Jean Shrimpton was still an unknown teenager when she met David Bailey on the set of a photo shoot, and in the four years they were together, “the Shrimp” became the highest-paid model of her time. Shrimpton later credited Bailey with shaping her career as she ushered in the pouty, coltish look of London’s swinging “youthquake.” She was as stylish in her real life as in the many editorials she shot for magazines like Vogue and Harper’s Bazaar. Click through our slideshow to see vintage photos of the original supermodel.
This post originally ran March 2, 2012.
It’s not easy to pull off a big bun, a little bow, and a touch of underarm hair.
By this time, Shrimpton had been Bailey’s muse for three years, but it still couldn’t have been easy to keep from blinking with a cigarette in her face.
Fashion editorial, circa 1965.
Somehow she can wear a tousled, teased-up, deep side-part and make it seem like she just woke up that way.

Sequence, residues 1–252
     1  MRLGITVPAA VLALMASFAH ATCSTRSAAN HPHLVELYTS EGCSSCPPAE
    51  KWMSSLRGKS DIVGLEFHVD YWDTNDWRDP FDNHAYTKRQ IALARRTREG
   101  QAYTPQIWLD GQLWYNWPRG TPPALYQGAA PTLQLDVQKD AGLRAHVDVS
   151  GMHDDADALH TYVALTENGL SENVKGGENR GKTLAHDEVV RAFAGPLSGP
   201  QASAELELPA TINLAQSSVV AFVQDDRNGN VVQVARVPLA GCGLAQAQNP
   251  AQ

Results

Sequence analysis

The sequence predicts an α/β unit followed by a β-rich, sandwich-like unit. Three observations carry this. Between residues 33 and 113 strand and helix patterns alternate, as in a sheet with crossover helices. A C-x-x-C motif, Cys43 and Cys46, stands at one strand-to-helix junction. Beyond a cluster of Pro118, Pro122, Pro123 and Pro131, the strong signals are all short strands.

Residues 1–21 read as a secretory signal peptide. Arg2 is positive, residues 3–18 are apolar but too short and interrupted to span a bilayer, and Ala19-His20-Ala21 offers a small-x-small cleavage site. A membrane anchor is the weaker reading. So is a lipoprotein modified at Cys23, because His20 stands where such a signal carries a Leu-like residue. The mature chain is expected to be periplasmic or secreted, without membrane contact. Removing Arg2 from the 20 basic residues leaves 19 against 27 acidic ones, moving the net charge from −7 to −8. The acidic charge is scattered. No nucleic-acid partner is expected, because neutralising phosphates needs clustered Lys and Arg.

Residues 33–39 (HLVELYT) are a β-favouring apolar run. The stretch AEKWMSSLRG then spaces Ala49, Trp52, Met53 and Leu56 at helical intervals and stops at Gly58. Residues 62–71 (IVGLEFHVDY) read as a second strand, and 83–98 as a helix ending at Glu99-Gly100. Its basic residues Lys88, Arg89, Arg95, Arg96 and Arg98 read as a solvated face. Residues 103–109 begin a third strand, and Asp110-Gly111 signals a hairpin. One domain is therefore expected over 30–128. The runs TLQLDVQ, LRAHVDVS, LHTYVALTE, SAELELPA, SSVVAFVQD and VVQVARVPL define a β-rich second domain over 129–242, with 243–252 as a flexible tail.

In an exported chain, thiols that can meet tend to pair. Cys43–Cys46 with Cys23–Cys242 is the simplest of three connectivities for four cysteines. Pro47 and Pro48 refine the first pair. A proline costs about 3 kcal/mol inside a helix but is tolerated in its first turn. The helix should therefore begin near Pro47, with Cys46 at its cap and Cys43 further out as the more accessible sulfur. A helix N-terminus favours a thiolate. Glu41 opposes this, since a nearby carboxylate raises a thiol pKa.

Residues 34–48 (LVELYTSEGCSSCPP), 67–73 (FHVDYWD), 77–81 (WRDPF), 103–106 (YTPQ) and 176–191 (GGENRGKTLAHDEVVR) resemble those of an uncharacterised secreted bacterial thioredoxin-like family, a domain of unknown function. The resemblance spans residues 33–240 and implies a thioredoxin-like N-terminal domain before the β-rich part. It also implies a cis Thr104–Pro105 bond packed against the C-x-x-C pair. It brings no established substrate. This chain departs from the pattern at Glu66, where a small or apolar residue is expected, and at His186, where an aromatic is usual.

At Derby Day at Flemington Racecourse in Melbourne, October 1965.
Though it seems tame now, the minidress she wore to the races that day in Australia caused a national stir. Paired with a man’s watch and no jacket or pantyhose, it was a radical outfit.
On set, circa 1965.
Posing for a shoot while American photographer Richard Avedon lays on the floor, Shrimpton wears a white blouse, a long black dress with ruffles, and black pumps. Additionally, Avedon models a chiseled jaw and lush head of hair.
You can tell she was a good model because even when she stares out of a window at nothing, she makes it seem meaningful.
On the Costa Del Sol, Spain, December 1966.
The strappy sandals (possibly by Bernardo) paired with a long-sleeved coat and a masculine watch could have been pulled straight out of a J.Crew styling handbook.
At London Airport (now Heathrow), January 1968.
Polish her boots and put an iPhone in her hand and this look could be front row, 2012.
Shrimpton’s casual, at-home-anywhere style matured as she did. At the close of the decade, she looks older, wiser, and more comfortable.